There’s a lot of debate going on in online and offline circles about the death of the Original Idea – a great deal is being said about how each work of art, story plot, building design or interior décor concept (among many infinite formats called “art”) is a copy of its predecessors; that each new work of art constitutes the sum of all the influences that came before it.
I’d have to slightly (actually, quite vehemently) disagree when it comes to the street art of 31-year-old alias, Slinkachu.
His work has been copied by many so-called “artists” on deviantart.com (and other platforms) because of its stark originality and the sheer brilliance of its conception. So, what’s the big fuss? It’s a little fuss, actually, which embraces 3-dimensional art, photography, social commentary, and what can only be described as “for the people”.
Slinkachu obtains miniature figurines (people, animals, objects, etc.) from train sets, then remodels them into the characters he desires, paints them and places them in the required position in whichever cityscape he finds himself. He makes use of whatever else he can find in that environment: dead insects, cigarette butts, litter, fast food wrappers, and the surrounding architecture and buildings. Once in position, he photographs a miniature scene, gives it the appropriate title, and then departs for his next project, leaving the modelled scene completely intact for whomever to find it on the street.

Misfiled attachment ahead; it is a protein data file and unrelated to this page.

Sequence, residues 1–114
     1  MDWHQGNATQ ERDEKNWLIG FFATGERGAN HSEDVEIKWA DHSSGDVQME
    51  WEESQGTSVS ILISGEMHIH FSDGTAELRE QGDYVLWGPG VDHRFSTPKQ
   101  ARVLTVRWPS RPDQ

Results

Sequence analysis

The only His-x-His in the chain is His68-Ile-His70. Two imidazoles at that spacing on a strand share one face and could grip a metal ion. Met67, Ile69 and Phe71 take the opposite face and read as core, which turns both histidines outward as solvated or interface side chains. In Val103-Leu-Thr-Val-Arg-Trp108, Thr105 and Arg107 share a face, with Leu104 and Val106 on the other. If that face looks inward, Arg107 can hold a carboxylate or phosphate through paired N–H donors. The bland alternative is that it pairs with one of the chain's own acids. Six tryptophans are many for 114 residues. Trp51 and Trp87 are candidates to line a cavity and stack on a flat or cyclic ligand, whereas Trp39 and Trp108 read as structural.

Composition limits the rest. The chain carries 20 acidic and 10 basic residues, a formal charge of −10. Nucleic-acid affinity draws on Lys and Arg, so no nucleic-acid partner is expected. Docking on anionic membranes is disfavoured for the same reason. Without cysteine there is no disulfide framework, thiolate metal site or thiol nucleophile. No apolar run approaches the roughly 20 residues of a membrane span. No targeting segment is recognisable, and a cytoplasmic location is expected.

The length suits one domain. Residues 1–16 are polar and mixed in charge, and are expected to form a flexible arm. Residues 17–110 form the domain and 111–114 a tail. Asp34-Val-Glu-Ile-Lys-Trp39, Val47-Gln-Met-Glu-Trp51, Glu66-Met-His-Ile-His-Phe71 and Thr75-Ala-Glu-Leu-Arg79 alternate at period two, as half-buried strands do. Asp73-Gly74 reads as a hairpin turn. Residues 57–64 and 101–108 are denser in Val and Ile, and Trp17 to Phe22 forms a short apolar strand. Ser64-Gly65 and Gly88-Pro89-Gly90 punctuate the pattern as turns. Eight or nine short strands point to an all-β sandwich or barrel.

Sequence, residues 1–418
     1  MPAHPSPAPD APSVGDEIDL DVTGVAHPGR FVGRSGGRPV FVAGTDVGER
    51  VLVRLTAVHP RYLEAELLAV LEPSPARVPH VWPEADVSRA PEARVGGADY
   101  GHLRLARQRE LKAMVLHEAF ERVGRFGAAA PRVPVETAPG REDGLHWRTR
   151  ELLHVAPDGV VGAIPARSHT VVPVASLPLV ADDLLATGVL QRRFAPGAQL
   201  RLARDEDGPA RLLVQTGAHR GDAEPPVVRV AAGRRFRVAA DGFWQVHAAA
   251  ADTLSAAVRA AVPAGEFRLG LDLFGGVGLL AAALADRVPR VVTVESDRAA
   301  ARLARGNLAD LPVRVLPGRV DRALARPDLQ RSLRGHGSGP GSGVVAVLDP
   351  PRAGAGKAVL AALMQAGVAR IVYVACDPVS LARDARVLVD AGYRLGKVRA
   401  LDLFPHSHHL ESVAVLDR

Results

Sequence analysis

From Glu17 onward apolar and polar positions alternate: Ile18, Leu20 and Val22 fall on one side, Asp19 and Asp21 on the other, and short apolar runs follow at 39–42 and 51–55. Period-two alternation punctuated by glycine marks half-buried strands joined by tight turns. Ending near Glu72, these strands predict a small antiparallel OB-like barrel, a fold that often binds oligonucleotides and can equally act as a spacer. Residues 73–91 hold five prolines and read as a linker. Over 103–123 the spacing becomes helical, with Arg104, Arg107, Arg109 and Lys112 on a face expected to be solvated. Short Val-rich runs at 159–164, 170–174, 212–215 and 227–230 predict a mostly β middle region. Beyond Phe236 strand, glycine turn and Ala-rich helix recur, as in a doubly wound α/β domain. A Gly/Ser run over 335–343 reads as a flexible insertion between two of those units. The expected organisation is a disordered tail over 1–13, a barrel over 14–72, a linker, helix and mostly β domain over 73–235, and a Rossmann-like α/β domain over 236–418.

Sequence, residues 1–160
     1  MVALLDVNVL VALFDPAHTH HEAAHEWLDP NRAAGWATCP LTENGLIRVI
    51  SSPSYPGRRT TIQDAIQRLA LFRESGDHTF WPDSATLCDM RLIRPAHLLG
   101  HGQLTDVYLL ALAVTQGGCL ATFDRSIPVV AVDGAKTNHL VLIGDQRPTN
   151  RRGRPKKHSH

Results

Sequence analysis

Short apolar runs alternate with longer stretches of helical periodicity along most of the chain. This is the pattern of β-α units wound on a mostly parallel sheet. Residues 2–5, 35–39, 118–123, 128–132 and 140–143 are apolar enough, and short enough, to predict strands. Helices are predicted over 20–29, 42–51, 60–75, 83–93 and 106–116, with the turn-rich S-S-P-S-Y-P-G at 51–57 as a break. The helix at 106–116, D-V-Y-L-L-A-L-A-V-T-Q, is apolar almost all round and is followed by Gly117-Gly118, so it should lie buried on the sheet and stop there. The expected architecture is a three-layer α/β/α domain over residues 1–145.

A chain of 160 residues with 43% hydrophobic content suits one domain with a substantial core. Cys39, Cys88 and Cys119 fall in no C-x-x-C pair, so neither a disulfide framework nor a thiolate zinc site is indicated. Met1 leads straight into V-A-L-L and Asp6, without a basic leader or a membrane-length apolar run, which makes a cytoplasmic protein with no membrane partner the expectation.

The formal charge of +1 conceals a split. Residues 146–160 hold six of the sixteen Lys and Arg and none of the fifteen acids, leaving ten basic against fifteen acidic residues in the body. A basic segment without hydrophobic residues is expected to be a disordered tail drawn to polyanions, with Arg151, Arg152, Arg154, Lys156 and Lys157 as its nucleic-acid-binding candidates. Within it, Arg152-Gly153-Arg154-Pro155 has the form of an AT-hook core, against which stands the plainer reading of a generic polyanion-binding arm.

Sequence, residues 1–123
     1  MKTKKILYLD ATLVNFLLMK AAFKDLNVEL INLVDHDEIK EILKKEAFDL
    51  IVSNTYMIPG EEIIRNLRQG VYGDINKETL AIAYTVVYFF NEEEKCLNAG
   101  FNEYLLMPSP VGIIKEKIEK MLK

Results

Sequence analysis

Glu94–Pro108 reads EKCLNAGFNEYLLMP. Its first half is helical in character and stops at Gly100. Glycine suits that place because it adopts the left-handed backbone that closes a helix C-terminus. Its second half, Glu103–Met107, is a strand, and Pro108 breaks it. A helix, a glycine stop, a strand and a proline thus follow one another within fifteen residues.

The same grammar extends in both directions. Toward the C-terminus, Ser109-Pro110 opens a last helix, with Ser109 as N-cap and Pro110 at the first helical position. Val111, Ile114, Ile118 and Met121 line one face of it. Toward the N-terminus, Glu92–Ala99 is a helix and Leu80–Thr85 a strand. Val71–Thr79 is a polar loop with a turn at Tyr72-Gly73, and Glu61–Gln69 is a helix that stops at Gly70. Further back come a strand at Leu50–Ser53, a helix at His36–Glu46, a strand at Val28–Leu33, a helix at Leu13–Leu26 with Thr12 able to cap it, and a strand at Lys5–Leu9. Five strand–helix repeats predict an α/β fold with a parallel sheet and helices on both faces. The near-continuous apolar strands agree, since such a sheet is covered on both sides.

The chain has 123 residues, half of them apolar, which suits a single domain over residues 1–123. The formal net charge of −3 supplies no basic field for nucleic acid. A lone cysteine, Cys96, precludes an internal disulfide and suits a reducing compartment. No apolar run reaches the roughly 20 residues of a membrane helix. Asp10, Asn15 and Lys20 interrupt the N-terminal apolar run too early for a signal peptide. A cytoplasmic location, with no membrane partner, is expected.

He has built, photographed and abandoned hundreds of these intricately composed scenes in cities across the world – from Beijing to Germany, New York to Belgium, London and even Cape Town. The more people who know about where Slinkachu’s next project will be compiled, the more people become intimately aware of their cityscapes, looking for these tiny works of art, yet also becoming very finely conscious of their surroundings.
In order to capture these miniscule works of art with their enormous message, Slinkachu has had three books published and, since 2007, has exhibited his photographs and art at various galleries around the world, at solo and group shows. Whether his work is appropriate for auction remains to be seen – perhaps the photographs that were specifically taken from the Cape Town installation at Khayelitsha, called Balancing Act would be something that Strauss Art could incorporate into a format that works at a formal auction.
So, who says that original ideas are dead? New ideas such as Slinkachu’s incredible street art around the world provide us with a means to explore our life philosophies, our own identity, and the identity of the city that rises up around us.